"We know what the terrorists intend to do because they've told us -- and we need to take their words seriously." -Bush, September 2006.
"Don't believe me. Listen to the enemy, or listen to Mr. Zawahiri, the number two of al Qaeda, both of whom made it clear that Iraq is central in their plans . . . I take the words of the enemy very seriously, and so should the American people." -Bush in a Rose Garden news conference in October 2006
NOTHING must have thrilled al-Qaeda more than to hear Bush read off passages of propaganda from the terrorists' own speeches and dispatches, except maybe the slick campaign commercial the republican party put out in late 2006 featuring the terrorist's words lovingly super-imposed against the smiling image of bin-Laden. "What is yet to come will be even greater," the announcer quotes bin-Laden as saying. "These are the stakes," is the hook; strangely reminiscent of the '64 'Daisy' ad Johnson ran in his campaign which featured a countdown to a nuclear explosion.
All of Bush's emphasis on bin-Laden and al-Qaeda didn't have any effect at all on eliminating any imagined threat. How tragic and sad for the American people, and how utterly wonderful for al-Qaeda that Bush and his republicans promoted the terrorists' appeals to fear. The effect of allowing Bush to remain in power for two terms was that bin-Laden and his accomplices were allowed to continue to run loose in Afghanistan/Pakistan while the administration continued to direct the bulk of our defenses the other direction, to Iraq.
That was their promise to the American people: 'For as long as Bush is president', as said at the time, he would continue to sacrifice lives and limbs in Iraq (where 16 of his intelligence agencies told him his occupation was actually creating terrorists, not eliminating them) and continued to short-shrift the search for the leaders of the organization which has influenced countless other combatants with the example of the devastating attack on America and the orchestrators' escape from justice.
For as long as Bush and his republican enablers held the majority, our soldiers continued to be killed in Iraq at a rate of 2-3 a day. Al-Qaeda had to be just loving it all. Why on earth would they want the relationship to end? Gifted with Bush's retreat from the hunt in Afghanistan they managed to expand the numbers of those who would associate themselves with them; right under our noses in Iraq, just by the fact of their resistance against our violently repressive military occupation.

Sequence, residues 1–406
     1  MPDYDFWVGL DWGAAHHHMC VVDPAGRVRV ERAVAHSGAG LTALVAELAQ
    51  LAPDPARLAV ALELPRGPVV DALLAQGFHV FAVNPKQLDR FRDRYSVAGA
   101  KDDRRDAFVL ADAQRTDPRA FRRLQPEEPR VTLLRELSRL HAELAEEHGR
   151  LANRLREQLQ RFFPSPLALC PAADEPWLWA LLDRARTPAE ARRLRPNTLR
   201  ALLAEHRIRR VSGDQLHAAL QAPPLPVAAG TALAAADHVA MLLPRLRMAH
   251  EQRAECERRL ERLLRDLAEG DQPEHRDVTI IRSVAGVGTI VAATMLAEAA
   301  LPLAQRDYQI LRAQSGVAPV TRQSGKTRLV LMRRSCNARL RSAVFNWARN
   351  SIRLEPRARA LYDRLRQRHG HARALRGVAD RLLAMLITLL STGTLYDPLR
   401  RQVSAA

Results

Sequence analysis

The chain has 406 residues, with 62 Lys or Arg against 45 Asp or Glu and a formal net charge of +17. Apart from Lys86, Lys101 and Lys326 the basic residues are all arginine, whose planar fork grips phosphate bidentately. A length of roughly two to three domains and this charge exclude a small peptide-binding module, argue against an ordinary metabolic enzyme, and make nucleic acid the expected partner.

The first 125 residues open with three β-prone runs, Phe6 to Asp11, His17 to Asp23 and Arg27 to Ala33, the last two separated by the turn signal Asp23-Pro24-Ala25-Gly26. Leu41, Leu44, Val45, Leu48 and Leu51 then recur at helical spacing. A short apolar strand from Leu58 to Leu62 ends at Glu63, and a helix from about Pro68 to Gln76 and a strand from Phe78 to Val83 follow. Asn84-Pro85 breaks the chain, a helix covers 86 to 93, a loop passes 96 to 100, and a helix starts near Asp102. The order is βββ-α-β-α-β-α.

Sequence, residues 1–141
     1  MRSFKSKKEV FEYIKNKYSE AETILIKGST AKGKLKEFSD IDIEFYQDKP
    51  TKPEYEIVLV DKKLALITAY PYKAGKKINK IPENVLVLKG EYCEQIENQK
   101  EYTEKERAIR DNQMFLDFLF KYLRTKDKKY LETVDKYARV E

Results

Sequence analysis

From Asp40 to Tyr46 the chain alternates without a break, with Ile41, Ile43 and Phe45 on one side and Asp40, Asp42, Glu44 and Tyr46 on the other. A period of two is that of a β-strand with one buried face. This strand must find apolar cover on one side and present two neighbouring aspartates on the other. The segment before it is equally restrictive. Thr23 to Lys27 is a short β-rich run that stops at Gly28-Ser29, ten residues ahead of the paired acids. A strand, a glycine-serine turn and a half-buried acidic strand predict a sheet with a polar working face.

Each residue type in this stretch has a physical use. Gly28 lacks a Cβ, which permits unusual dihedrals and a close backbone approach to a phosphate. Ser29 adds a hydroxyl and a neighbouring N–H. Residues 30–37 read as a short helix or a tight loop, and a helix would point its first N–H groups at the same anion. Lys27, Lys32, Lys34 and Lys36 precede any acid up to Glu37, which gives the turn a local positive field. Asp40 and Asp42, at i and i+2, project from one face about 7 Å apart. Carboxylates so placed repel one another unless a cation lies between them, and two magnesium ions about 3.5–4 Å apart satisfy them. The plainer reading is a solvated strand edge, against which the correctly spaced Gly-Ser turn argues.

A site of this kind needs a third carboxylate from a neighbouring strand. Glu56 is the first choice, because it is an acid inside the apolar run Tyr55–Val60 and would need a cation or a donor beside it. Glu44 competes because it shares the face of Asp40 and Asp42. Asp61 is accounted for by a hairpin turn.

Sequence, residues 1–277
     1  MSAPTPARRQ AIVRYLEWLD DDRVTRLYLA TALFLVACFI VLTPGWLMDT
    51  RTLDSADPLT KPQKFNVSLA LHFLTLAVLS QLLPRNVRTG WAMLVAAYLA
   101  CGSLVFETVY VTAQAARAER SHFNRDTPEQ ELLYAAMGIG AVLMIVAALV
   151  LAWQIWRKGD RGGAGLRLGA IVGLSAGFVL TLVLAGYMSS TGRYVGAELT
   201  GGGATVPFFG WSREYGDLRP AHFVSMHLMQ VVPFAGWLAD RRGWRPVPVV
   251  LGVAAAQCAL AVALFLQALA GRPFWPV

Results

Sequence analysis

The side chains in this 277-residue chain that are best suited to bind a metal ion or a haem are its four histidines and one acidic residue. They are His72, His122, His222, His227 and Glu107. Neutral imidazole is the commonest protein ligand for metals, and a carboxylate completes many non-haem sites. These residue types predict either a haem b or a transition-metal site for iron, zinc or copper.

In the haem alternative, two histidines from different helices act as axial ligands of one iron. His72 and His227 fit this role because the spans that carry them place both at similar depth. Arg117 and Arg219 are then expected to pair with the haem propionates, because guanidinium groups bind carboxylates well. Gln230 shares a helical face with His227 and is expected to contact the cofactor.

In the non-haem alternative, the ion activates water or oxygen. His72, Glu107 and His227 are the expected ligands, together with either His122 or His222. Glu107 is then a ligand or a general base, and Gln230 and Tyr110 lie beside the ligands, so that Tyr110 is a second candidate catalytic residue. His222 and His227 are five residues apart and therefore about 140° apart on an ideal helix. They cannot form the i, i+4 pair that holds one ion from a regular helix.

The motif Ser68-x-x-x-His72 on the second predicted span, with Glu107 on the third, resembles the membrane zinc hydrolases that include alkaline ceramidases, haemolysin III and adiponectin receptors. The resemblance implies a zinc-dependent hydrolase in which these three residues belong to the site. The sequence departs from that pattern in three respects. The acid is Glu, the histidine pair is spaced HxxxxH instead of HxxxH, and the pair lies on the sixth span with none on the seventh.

There has been virtually no accounting from the Bush administration for their failure to capture the suspected perpetrators of the Sept. 11 attacks and to nullify any prolonged notoriety or influence the organization which sponsored the thugs might have gained from their violence. There has been no accounting to our legislators or anyone else for the administration's failure to make good on the mandate from Congress, as outlined in the original authorization to use military force in Sept. 2001, which Bush used to justify his 'extra-constitutional' assaults on our civil liberties and to justify his unilateral escalation of his Iraq occupation. The authorization is a direction from Congress to pursue those determined responsible for those specific attacks until they were apprehended, "dead or alive." The language is short and sweet:
(a) IN GENERAL- That the President is authorized to use all necessary and appropriate force against those nations, organizations, or persons he determines planned, authorized, committed, or aided the terrorist attacks that occurred on September 11, 2001, or harbored such organizations or persons, in order to prevent any future acts of international terrorism against the United States by such nations, organizations or persons.
The very administration which ignored warnings from their own intelligence agencies -- right up to the Oval Office in the form of a memo describing the intentions of the alleged 9-11 orchestrators, entitled, 'Bin-Laden Determined to Strike in the U.S.' -- not only failed to capture the perpetrators, but, in their zeal to invade and occupy Iraq, have allowed them to influence others who would do our nation and our interests harm by the mere virtue of their freedom.